- Rock Candy Funk Party
- We Want Groove
So chances are you’re going to look at the cover of We Want Groove and say, “Wait – haven’t I seen this somewhere before …?” And you have, of course: trade the lady in her underoos squatting over a wicked cool old Fender amp (I like amps, myself) for a Black cat with his head down, digging deep into his horn; change the lettering to read We Want Miles and ::: whizzo bango ::: it’s 1982 and that’s ol’ Miles Davis you got there, all cool and funky.
Which is exactly what Rock Candy Funk Party wants, you see: to take you back to those times – and even earlier – with an album of jazz/funk instrumentals that blur the lines between then and now in the coolest of ways. Dig the lineup on We Want Groove : Renato Neto on keys; Mike Merritt on bass; Joe Bonamassa and Ron DeJesus on guitars; and Tal Bergman on drums (and production).
Bonamassa may be the big name here, but make no mistake about it: Bergman is the ringmaster, driving these players live within the four walls of his own LA studio. Merritt is the ideal rhythm foil for Bergman, laying down big ol’ syrupy sweet bass lines that swing as fierce or as chill as needed.
As far as that goes, RCFP is actually more a funk democracy than anything else. The jams are passed around with everyone partaking … you’ll find no bogarting of the grooves nor grandstanding here. Solos come in hot and smooth, but the handoffs between the players are equally as cool. Just put an ear to this and remember: these cats were laying this stuff down live, burrowing into the music as it happened and letting it fly. A raised eyebrow; a nod; a smile – course corrections were made on the fly with the jams driven by energy rather than ego.
Of the various vintage keyboard goodness that Neto applies all over the tunes on We Want Groove, his clavinet work may be the funkiest of all: catch his break on “Spaztastic” – that is some bad-assed quacking, boys and girls. And his key work on Jimmy Smith’s “Root Down” would make the great man proud.
Neto is also responsible for the swirling vapors that set the mood on “The Best Ten Minutes Of Your Life” while Bergman adds a bit of subtle tension and Merritt’s bass does a slow crawl. Subtle tension is not what Bergman brings to “Animal/Work”, however: for the first minute and a half, he does some scary powerful free-ranging on the drum kit, managing to sound both brutal and precise at the same time. (That would be the “Animal” portion.) A walloping roll neatly segues into the opening all-hands-on-deck warning cry of “Work” which quickly settles into a dance floor-ready beat. DeJesus and Bonamassa both kill their solos here, but don’t touch that dial until Merritt offers up a steaming hot bowl of bass bliss at the 5:40 mark, punctuated with a few bottomless bombs.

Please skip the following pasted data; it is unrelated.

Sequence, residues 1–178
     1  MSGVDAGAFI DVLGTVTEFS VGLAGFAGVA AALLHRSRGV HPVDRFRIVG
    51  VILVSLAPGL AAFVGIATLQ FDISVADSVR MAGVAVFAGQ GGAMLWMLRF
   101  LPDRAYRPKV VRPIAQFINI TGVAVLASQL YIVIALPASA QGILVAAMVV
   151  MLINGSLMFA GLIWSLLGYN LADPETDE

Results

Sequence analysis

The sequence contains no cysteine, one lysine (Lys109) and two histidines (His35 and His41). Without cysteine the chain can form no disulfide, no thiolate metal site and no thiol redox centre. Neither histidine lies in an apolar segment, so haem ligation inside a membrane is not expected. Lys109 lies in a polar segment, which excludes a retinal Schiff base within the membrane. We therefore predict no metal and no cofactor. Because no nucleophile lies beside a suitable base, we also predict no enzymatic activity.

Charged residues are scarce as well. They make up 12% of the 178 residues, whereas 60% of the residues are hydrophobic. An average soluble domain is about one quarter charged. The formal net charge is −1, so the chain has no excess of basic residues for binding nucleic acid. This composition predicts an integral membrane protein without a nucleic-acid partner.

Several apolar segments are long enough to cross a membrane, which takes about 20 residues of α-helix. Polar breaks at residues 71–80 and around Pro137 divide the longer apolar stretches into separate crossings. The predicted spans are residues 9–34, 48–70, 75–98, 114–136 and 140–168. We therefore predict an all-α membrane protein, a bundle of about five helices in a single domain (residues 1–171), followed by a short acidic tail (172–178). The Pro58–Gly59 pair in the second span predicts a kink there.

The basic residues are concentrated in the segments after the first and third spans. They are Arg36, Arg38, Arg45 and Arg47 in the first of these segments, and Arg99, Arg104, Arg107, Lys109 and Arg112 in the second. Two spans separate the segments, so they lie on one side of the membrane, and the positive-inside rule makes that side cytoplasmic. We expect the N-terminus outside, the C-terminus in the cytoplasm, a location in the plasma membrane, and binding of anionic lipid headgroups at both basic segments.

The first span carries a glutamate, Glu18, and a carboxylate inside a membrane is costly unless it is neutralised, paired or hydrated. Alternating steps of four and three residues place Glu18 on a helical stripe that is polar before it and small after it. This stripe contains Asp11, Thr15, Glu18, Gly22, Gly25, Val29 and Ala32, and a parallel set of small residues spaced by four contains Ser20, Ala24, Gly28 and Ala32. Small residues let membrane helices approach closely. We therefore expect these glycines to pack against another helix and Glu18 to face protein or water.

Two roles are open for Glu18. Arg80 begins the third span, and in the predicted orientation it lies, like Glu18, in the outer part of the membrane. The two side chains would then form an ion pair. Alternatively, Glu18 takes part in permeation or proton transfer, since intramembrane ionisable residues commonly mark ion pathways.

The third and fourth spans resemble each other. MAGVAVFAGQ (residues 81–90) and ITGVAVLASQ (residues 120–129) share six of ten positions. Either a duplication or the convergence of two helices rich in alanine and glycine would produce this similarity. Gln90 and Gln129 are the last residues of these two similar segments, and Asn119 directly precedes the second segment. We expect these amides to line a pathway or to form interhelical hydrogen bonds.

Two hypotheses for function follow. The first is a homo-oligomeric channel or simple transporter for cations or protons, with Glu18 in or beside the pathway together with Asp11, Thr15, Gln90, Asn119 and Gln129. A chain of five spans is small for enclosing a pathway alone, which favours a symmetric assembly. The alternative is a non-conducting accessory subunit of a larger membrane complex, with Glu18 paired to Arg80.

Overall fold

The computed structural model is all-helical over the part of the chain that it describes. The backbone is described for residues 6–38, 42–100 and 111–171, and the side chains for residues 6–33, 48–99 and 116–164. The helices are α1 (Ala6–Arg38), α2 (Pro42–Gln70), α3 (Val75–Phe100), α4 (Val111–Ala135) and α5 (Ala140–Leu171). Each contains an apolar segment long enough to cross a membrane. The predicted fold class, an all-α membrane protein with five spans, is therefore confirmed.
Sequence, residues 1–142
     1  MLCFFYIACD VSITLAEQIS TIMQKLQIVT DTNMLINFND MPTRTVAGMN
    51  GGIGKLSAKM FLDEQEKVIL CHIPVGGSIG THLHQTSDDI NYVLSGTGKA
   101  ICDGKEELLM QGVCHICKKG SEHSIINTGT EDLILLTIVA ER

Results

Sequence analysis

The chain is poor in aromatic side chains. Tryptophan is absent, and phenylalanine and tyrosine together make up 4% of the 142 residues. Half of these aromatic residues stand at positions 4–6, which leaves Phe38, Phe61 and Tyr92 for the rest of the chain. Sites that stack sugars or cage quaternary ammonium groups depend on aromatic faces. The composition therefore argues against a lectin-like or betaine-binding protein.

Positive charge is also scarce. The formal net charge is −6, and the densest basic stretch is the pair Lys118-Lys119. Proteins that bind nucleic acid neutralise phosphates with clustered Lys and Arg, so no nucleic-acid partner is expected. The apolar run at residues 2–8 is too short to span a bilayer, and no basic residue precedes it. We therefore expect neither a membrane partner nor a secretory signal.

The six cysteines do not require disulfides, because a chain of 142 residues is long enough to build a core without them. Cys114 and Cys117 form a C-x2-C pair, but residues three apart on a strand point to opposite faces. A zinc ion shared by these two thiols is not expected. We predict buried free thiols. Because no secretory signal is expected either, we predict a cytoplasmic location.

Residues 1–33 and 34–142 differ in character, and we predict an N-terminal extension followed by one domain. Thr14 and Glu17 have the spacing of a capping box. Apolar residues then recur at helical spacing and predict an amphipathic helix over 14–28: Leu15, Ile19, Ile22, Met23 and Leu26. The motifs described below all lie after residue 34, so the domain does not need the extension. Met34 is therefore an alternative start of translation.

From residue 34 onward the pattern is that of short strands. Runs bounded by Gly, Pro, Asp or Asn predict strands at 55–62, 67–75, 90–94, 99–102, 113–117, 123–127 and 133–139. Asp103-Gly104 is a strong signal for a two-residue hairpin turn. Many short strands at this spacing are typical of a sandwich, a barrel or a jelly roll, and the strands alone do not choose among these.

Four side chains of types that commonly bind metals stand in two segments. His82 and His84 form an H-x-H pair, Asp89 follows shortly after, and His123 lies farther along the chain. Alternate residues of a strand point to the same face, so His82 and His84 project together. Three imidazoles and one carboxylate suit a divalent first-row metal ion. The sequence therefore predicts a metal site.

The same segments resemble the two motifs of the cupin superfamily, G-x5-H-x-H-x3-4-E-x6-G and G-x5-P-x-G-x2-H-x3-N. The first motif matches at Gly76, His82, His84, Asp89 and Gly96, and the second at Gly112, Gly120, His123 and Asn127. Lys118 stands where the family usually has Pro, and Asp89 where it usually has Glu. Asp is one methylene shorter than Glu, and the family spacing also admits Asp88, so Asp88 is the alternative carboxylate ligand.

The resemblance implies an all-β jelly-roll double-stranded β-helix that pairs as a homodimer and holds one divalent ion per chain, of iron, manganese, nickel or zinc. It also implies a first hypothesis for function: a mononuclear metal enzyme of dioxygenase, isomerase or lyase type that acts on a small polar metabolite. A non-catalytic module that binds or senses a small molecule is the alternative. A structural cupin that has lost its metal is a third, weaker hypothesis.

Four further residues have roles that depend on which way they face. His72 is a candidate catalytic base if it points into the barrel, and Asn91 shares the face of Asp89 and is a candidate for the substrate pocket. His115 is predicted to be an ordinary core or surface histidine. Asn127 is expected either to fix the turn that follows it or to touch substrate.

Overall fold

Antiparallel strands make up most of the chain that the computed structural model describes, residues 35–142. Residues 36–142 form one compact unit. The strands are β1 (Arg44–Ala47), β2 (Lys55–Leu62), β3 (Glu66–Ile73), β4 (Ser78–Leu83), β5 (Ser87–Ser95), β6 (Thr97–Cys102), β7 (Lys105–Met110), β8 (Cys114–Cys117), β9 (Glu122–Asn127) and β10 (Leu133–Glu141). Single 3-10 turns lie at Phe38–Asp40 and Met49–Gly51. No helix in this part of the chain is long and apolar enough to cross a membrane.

And yes – as far as Ron DeJesus and Joe Bonamassa go, there is no clear dividing line between lead and rhythm in Rock Candy Funk Party: this here is an absolute guitar consortium, folks. I suppose the complete Bonaheads keeping score might see their boy having a slight lead in number of solos overall, but that is so far away from what this band is all about. DeJesus is an amazing riffmaster, with funk and jazz and jazzy funk and funky jazz dripping off everything he does here. In the meantime, Bonamassa has some fun with his guitar’s tone throughout We Want Groove, offering up everything from what a Gibson in a witness protection program would sound like through a voice scrambler to pure hot tubeliness. Best gee-tar-to-gee-tar moment on the album is the back-and-forth between the two on “Dope On A Rope”.
SPOILER ALERT! Wait out (or fast-forward your way through) that four minutes of silence at the end of the dreamy laziness of “New York Song”, the last listed track on the album. There’s a 5-minute-and-40-second-long jam tucked on the end … way too cool to be hidden, in my opinion.
We Want Groove ? Yeah? Well, mission accomplished, men.
Brian Robbins would’ve been 24 in 1982; he hangs out these days at www.brian-robbins.com.